Monday, March 25, 2013

A Lily of the Valley


A Lily of the Valley

Prof. Paul Eidelberg
Israel-America Renaissance Institute 
1) Aristotle studies some 150 regimes before he composed The Politics, the greatest work in political science.  In Book IV of that classic, he set forth a myriad of political regimes by varying the parameters—tenure, powers, size, and mode of election—that shape their governing institutions.

2) Not until Hamilton, Madison, and Jay wrote The Federalist Papers, did there appear a text on how to design political institutions comparable to that which Aristotle's Politics can teach us. Unfortunately, this wisdom was ignored by the founders of the modern State of Israel--and it shows, to the Jew’s disadvantage and embarrassment, despite the vain boast that Israel as the only democracy in the Middle East—sink-hole of corruption and despotism

3) Aristotle describes five different types of democracy. All are based on the rule of the many, the poor. Since the many rule in their own interests, democracy is a bad or unjust regime, but not as bad as oligarchy, the rule of the few, primarily the rich. 

4) Aristotle shows that a "mixed regime" that combines various ingredients of democracy and oligarchy is the best practical regime. He calls this a “polity,” say a “republic.” A republic is the best practical because it’s stable, moderate, and favorable to the rule of law as opposed to the arbitrary will of men. Properly designed, a republic should give the appearance of being a democracy.

5) Of the five types of democracy, the worst, says Aristotle, lacks the rule of law and therefore approaches anarchy. The latter can hardly be called a "regime," since the term "regime" implies a distinctive way of life and a more or less stable relationship between the rulers and the ruled, where the former are accountable to the latter. 

6) Apart from other shortcomings, democracy exalts change. This undermines reverence for the law. The law can hardly be deemed venerable when it is here today and gone tomorrow.

7) According to Aristotle, the only type of democracy that can rightly be called a regime is one that has a constitution, a structure of institutions that regulates the power and alternating relationship of rulers and ruled.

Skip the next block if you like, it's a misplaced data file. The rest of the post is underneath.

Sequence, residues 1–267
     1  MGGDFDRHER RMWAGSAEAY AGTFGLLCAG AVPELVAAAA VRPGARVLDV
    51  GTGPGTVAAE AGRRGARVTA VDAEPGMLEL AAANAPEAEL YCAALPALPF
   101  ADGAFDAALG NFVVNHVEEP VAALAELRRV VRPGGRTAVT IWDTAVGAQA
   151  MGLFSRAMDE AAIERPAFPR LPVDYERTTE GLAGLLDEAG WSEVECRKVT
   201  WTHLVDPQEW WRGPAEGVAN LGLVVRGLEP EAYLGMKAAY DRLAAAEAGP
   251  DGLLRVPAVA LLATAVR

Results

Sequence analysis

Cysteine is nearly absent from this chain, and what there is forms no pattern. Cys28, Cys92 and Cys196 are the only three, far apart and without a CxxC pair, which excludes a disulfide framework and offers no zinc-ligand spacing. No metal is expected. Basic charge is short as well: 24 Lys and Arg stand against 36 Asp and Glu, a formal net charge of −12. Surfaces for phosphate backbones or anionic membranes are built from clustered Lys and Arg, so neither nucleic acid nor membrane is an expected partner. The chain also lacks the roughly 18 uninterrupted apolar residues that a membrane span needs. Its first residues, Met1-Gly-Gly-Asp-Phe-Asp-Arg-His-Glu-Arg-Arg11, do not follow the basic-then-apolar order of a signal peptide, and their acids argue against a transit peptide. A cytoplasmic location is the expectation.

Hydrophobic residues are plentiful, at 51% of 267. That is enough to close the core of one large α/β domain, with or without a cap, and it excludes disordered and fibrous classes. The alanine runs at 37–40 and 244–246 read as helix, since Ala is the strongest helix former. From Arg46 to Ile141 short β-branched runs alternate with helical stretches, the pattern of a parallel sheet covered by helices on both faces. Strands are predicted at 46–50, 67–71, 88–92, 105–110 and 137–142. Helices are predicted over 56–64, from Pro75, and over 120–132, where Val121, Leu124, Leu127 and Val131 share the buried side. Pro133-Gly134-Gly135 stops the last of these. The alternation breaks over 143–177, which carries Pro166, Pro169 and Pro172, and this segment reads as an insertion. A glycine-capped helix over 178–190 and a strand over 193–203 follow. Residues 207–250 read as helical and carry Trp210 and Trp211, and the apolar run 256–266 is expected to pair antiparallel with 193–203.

The preceding information casts some doubtful on whether Israel is a regime in the Aristotelian sense of the term. This doubt is intensified by plethora of parties in the Knesset. Seats are distributed on the basis of Proportional Representation with a very low electoral threshold, in consequence of which Israel has never had a majority party in control of the Government. Indeed, the Government has ever consisted of five or six rival parties, each with its own agenda, which cannot but undermine the cultivation of a strong sense of national unity and purpose characteristic of anarchy.
The question arises, how does Israel survive? It is hardly an exaggeration to say that Israel today is not a political regime so must as a sociological potpourri lacking any ruling principle. It’s more accurately defined economic and technological society devoid any Jewish philosophy. Its Zionism evaporated with the policy of “territory for peace.” As for Israel’s religious veneer, it has worn so thin as to be an embarrassment. 

All talk about Zionism and Jewish identity, either by old parties such as the Likud, or new parties such as Jewish Home and Yesh Atid, is sheer flapdoodle.

Not a single party leader in Israel has the brains to formulate a philosophy of government that could yield a genuine synthesis of Jewish and democratic principles—a synthesis which can actually be found in the Hebraic Republic of antiquity.

That synthesis recurred in colonial America, where it not only enriched the political thought of Harvard president Samuel Langdon and Yale president Ezra Styles. It also fructified the political creativity of America’s Founding Fathers. That synthesis once blossomed in the Land of Israel.

Dare we believe it can blossom again like a Lily of the Valley?

Wednesday, March 6, 2013

Time to teach Turkey a lesson

Time to teach Turkey a lesson
Tue Mar 5, 2013 5:05 am (PST) . Posted by: "Yaacov Levi" jlevi_us

Time to teach Turkey a lesson

Michael Freund
Time to teach Turkey a lesson
by Michael Freund
The Jerusalem Post
March 4, 2013
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Turkish Prime Minister Recep Tayyip Erdogan has done it again. Despite his extensive efforts to masquerade as an enlightened and civilized statesman, his temper got the best of him last week, peeling away the veil to reveal for all to see his profound hatred of Israel and the Jewish people.